Tuesday, February 24, 2009

Kevin L. - Oxford, England - Spring 2009

Warning! Do not come to oxford expecting a walk in the park. I mean, there are parks to walk in, but metaphorically speaking, it’s not a walk in the park- you know. Luckily, I expected that coming in to this experience. Nonetheless, the workload is shockingly intense; though, in an odd way, I am enjoying it. I think I wrote in my personal statement that I wanted to be “overwhelmed by knowledge”. That is very much the experience I am having here. I sometimes wish I had more time to travel and do other things, but I just cannot find the time to skip off to Paris or Prague for the weekend. Oh well. I’ve made arrangements to travel once the semester is over.
Time management is HUGE here. You can sleep in everyday and go out on the weekends, if you choose, just so long as you can manage to still get all of your work done. The first part of the semester is especially busy, because you have to write two essays every week. You get used to this pretty quick. Essays aside, the tutorial system at Oxford is great. You learn so much every week. You learn so much here. Period. Never before have I felt physically exhausted from just sitting around thinking all day (yesterday I prepared two presentations for my seminar, wrote a 2,000 word essay on Dun Scotus’ theory of knowledge AND read Rousseau’ The Social Contract in its entirety- boy did my brain hurt!). Tutors are really cool about everything though. They understand what student life is like- if you have a cold, or if your roommate’s snoring kept you up all night, they won’t scold you for turning an essay in late or coming up a little short on the word count.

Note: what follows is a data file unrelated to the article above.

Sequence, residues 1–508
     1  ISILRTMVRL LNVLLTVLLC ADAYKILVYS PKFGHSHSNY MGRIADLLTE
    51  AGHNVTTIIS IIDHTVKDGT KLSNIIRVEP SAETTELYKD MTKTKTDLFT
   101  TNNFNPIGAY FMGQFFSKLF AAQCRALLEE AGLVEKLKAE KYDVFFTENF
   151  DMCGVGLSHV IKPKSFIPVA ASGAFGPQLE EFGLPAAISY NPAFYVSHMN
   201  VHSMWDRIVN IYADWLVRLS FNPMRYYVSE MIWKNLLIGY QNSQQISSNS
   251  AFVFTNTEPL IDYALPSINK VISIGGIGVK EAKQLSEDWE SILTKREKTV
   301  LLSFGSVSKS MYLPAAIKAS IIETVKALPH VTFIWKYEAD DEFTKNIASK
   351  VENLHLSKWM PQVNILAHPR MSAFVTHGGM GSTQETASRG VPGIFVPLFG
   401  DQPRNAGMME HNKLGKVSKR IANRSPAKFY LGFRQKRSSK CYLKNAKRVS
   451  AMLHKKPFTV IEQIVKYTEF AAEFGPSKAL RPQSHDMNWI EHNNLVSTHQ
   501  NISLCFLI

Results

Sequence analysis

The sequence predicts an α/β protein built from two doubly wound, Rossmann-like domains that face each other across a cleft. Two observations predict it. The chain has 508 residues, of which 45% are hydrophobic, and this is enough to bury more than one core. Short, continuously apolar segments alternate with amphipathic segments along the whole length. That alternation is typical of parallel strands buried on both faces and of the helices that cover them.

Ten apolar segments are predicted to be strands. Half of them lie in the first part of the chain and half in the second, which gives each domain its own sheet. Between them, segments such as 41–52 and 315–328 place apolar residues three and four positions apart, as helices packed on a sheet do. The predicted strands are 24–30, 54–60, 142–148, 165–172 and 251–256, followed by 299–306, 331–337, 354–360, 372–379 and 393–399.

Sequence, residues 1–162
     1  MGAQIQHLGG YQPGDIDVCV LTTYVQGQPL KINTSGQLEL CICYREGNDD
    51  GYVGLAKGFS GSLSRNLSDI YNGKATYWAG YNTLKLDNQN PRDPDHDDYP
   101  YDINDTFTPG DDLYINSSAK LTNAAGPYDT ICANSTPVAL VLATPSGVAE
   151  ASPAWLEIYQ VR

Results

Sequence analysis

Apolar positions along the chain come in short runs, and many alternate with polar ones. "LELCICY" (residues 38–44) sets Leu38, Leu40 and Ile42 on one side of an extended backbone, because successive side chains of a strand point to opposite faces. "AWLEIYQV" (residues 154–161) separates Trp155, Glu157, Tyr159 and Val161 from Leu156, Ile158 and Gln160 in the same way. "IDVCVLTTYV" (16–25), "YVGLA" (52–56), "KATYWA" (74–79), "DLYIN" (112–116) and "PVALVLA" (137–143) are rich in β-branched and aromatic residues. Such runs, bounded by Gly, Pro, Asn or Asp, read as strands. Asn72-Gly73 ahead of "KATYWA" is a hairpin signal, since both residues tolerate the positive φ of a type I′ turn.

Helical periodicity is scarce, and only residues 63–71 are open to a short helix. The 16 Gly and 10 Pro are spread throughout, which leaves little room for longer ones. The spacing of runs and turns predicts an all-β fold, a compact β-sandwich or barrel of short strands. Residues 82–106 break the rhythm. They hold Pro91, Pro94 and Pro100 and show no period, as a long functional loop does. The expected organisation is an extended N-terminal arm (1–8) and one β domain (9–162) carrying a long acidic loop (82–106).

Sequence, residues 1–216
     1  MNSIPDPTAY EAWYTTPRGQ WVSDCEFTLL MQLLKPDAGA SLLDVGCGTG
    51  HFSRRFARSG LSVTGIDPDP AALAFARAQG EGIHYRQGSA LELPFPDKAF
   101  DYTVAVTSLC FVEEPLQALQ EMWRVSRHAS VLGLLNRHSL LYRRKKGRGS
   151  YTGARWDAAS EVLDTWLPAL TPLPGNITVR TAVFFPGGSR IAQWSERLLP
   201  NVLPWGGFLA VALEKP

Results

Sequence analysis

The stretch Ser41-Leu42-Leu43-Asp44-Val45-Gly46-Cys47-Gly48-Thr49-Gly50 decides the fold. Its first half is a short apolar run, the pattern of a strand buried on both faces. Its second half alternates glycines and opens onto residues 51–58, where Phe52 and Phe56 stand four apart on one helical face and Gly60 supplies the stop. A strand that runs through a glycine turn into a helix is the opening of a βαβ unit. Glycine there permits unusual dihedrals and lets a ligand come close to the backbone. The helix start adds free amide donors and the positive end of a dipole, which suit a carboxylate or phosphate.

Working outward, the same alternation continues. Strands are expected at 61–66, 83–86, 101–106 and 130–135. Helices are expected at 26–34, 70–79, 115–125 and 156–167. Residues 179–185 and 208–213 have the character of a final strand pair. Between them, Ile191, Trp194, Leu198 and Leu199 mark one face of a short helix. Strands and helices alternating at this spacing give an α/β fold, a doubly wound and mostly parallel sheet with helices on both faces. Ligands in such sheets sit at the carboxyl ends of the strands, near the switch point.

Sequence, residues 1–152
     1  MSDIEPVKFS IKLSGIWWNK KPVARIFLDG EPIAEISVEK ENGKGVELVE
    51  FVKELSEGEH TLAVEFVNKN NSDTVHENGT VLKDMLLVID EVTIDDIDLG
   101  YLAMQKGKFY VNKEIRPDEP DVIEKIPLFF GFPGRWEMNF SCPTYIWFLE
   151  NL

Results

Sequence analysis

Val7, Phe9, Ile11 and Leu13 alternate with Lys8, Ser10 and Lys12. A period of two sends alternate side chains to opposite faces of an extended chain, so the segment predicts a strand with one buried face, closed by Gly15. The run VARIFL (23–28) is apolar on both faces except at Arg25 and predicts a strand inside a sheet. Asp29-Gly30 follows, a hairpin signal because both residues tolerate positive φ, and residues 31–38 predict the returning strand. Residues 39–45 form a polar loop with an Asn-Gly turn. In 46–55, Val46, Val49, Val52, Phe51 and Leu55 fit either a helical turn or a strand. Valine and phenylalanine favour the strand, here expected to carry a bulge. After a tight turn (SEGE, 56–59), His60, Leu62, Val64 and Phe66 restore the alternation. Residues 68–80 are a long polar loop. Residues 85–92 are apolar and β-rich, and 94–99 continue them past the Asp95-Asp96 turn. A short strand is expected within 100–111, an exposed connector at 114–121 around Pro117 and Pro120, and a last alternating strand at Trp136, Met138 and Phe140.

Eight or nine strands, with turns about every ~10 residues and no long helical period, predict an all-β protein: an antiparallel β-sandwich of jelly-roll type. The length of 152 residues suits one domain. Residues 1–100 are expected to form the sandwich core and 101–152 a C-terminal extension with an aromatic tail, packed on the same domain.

The faculty here has been amazing. Dr. Crowe, senior tutor and academic librarian for the CMRS, is an academic god. His first lecture was a little overwhelming, but once you get used to his British accent and his intensely academic vocabulary, you can learn so much from him. I feel very lucky to have him for my philosophy tutor. The integral lectures are cool too. Picking your classes is very important. There are times when I wish I had some more overlap in my classes. My philosophy tutorials are very useful for participating in colloquium discussions, but topics from my Shakespeare seminar do not come up very often. I am not trying to dissuade anyone from taking the Shakespeare course. It’s great! But keep in mind that the program is designed to give you a holistic view of a specific time period. You’ll get more out of all of your classes if you can tie them all together somehow.
The culture shock is not a huge deal in England, especially at the CMRS. We are very much in an American bubble. The most shocking thing about Oxford is how much studying there is to do. The English do do some things differently though. For instance, they drive on the opposite side of the road, and, quite often, they put bacon on top of chicken. Also, beware! English bacon is not like American bacon. It’s more like what we would call ham or Canadian bacon. Other things that I have found shocking are that many fast food restaurants have two floors! This took some getting used to. English McDonalds’s also do not sell a double quarter pounder. Strange, I know, but never fear, it is not difficult to adjust to these cultural differences.
The people in the CMRS program are all amazing. Everyone has a lot in common, and it is easy to get lost in deep conversations that go on late into the evenings. The community here is one of the best parts about the experience so far. Everyone is saddled with the same amount of work, so everyone understands how easy it is to be cranky, which makes it hard to be cranky in the first place, knowing that you always have the support of 30+ other students who know exactly how it feels to be “overwhelmed by knowledge”.
So, that’s it. I should probably start writing my essay for this week…

-Kevin Lepore


Anonymous Anonymous said...

Hi Kevin,
It's Brian L (from philosphy club).
An attitude like that deserves more comments. I don't think I could survive under the work load you mentioned. But you're doing it, so that's awesome. And I'm completely jealous that you're in the UK right now...but hopefully I'll be in Dublin this coming fall. Good luck on your essays!!

2:04 PM  

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